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Where did you get the idea to write a book about time travel?
I’ve been a fan of time travel since my early years. H. G. Well’s, The Time Machine is one of my all-time favorite stories. Add to that my regret at paying so little attention to my grandparents’ stories of childhood and family…the fit was natural. Cynthia’s Attic brought the opportunity to travel back in time, solve mysteries and have adventures with my ancestors. A driving force behind writing "Cynthia's Attic" is to create adventures my grandparents and great-grandparents might enjoy…adventures we could enjoy, together. It's a fun journey; one I hope will continue for a long time.
Do you believe in ghosts?
I believe spirit energies visit us from time-to-time, maybe not in the true movie-style ghostly form, but I’ve had experiences with messages from beyond and my husband has, too. In fact, one of my published short stories, Ghost Light, is based on an incident he had as a child with his departed grandmother!
Why did you choose girls versus boys as your main characters?
That’s an easy one! The series is inspired by a 20-year recurring dream about a mysterious attic. When I realized that the dream setting was in the attic of my childhood best friend, Cynthia, I wrote a short memoir about our friendship and the “early days.” That memoir turned into 4 (soon to be 5) ‘Tween fantasy/mysteries, and Cynthia and I (Cynthia and Augusta Lee – Gus) are the main characters. The books appeal to boys because they all have interesting male characters along with the element of time-travel.
Can you tell us about your next book?
I’m so excited about it because a couple of new, mysterious characters enter the lives of Cynthia and Gus. I can’t tell you much, but the girls find out that their previous accomplishments begin unraveling and they have to discover why and reverse the damage. The working title is, Cynthia’s Attic: Legend of Lupinwold Forest, but that might change.
How do you get your ideas? Do you do research?
My ideas come from family stories and from my own imagination. As a child, I envisioned myself living in another land like Alice (see favorite children’s book). Don’t get me wrong, I had a great childhood, but always searched for that ‘other dimension’. Research? Definitely. Cynthia’s Attic is set in Southern Indiana where I grew up, and I’m fortunate to have family pictures that date back to the late 1800s and early 1900s. Cynthia and Gus travel back in time to 1914 and meet their twelve-year-old grandmothers, so it’s important to make the storyline authentic. When the girls travel to Louisiana, Switzerland and beyond, more research takes over and I make the settings as believable as possible. Even though the books are fantasy/mystery, readers still deserve and expect a certain amount of realism.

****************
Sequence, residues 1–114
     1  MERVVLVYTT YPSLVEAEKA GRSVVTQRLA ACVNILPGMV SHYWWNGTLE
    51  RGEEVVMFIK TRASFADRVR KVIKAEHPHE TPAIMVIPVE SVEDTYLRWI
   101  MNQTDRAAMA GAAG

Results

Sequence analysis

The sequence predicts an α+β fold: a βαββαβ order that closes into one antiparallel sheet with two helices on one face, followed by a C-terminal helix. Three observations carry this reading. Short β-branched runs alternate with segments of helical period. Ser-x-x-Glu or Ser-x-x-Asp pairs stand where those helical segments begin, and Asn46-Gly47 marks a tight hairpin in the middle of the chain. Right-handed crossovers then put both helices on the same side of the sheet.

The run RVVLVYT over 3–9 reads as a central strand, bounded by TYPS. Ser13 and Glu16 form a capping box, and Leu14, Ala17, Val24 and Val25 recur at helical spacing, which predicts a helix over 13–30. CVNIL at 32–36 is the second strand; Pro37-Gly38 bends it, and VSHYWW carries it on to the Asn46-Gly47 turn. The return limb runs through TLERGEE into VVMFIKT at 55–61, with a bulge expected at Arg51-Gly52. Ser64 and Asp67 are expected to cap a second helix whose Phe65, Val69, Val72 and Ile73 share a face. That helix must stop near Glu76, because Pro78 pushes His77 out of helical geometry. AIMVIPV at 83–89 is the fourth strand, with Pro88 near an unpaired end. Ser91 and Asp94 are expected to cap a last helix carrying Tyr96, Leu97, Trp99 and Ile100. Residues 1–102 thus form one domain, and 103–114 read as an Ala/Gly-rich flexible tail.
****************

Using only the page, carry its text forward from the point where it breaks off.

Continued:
Do you have any advice for aspiring writers?
A very generous NY editor gave me a critique years ago that probably led to getting the first two books published. "Too much telling—not enough showing." I had no idea what that meant until I researched various writing websites and blogs and had one of those "light-bulb" moments. I spent the next six months on rewrites that moved the storyline through dialog and action rather than simply telling the story to the reader. The second bit of advice is simply, "Write what you know." It's much easier to write about the familiar. Since the original setting for Cynthia's Attic is in my hometown, Corydon, Indiana, and takes in many childhood memories, much of the research was already in my head. Since I’m a very visual writer (I need to picture what I write), old family pictures and stories about ancestors also bring authenticity to the storylines.